| 8:41 pm on Nov 21, 2013 (gmt 0)|
Finally.... some clarification for the collateral damage sector!
| 12:19 am on Nov 22, 2013 (gmt 0)|
just a reminder:
| 12:26 am on Nov 22, 2013 (gmt 0)|
MC2 is wearing a Firefox teeshirt in that video :)
| 1:38 am on Nov 22, 2013 (gmt 0)|
I think that the thinking at Google about what the disavow tool is and how to use it is fluid.
I am seeing lots of complaints about how it was supposed to be only use it when you have a manual penalty or if you got a message about spammy links.
I believe at least initially that was true. However I think even Google is seeing that this tool is pretty good at helping them and us work out what is spam and therefore opening up usage parameters on the tool.
| 3:58 am on Nov 22, 2013 (gmt 0)|
I would still advise to be cautious before making a decision to use Disavow tool. Matt stresses twice on this video:
|Primary purpose of this tool is: you've done some bad SEO, you hired a bad SEO, they messed things up, now you need to clean up |
Again, the main purpose is if you made some bad links yourself...
Hence engine's comment above "use the disavow tool with care..." and phranque's link to a particular point in the original Matt's video which covered the launch of this tool.
| 11:45 pm on Nov 22, 2013 (gmt 0)|
One of the points I took from the first viewing of MC's video was that the disavow tool is not limited to just links that you had a part in creating. It can also be used to define IBL's (or the whole domain) where you have no control, where you don't want/trust those links, but the site owners ignore your take-down requests.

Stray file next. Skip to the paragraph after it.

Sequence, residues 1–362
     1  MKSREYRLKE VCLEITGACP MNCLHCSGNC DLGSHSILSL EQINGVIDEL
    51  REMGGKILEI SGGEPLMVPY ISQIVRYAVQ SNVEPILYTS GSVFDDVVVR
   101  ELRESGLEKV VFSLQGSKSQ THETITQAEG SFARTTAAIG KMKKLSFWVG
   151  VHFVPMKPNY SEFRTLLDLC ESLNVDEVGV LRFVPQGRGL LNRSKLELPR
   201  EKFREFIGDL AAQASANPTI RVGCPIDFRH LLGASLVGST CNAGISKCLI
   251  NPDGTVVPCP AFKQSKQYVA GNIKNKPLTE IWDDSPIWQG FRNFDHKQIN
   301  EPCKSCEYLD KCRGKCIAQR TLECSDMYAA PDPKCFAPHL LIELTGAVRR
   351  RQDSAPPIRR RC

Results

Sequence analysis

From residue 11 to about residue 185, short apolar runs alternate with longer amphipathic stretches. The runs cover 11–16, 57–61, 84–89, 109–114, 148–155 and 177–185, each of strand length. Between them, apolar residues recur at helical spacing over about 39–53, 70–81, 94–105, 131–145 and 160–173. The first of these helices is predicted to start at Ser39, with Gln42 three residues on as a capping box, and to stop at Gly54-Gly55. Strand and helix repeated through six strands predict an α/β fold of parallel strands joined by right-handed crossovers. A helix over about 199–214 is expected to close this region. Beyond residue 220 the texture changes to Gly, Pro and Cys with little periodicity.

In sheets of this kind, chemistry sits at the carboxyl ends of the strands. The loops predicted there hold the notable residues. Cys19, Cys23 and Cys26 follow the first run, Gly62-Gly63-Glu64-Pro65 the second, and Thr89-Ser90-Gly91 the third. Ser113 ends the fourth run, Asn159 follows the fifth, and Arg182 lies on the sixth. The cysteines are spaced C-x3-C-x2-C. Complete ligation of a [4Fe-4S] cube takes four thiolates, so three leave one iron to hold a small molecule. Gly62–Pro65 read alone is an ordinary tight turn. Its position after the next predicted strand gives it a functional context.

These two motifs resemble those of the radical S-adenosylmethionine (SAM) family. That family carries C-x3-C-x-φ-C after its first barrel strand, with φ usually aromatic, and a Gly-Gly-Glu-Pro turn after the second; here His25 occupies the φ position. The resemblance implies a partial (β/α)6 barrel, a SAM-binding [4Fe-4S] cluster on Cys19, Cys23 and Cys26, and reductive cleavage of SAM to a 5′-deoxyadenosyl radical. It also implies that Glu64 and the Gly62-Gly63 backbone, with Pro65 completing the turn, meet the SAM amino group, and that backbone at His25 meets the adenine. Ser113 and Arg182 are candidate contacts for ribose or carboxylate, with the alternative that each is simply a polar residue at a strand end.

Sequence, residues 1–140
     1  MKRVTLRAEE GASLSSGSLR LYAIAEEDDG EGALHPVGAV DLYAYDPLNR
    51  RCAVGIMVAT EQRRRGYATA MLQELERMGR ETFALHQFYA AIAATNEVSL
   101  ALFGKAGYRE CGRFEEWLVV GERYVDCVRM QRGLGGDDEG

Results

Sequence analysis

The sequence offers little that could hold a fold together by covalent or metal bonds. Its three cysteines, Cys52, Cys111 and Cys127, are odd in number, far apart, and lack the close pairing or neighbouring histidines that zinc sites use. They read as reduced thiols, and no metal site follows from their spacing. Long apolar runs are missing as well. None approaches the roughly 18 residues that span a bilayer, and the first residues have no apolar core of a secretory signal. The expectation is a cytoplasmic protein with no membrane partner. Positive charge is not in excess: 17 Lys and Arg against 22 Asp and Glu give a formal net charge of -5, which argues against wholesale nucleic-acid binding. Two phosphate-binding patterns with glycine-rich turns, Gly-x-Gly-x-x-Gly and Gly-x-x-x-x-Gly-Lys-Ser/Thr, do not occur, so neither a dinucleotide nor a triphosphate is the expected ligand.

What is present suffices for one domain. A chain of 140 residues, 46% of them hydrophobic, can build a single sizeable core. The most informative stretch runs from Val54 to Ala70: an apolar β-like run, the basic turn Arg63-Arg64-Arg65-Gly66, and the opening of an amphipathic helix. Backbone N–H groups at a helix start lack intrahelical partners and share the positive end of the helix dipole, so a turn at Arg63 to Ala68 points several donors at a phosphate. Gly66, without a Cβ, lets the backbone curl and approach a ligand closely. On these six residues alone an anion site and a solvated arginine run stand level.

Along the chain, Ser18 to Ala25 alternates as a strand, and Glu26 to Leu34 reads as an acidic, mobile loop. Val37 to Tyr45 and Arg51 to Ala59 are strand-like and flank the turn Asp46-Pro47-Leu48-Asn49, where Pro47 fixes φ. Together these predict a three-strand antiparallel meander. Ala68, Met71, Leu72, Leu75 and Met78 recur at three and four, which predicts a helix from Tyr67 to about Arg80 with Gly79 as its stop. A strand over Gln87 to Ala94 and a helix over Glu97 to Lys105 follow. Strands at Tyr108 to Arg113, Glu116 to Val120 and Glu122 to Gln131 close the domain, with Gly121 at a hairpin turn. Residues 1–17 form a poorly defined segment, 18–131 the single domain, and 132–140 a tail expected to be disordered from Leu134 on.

Prior to the video I was under the impression that Google would only respond to a disavow request associated with a site that has a manual action notice. That always struck me as a very unbalanced, even punitive, approach to impacted sites without a GWT message.
Maybe this is an olive branch to sites that strongly believe they became collateral damage for no good reason. At least now all sites have the same opportunity of getting their problem IBL's attended to.
Now lets just hope Google takes on enough staff to handle what I am sure will be tsunami of requests from the "I didn't get a message" sector.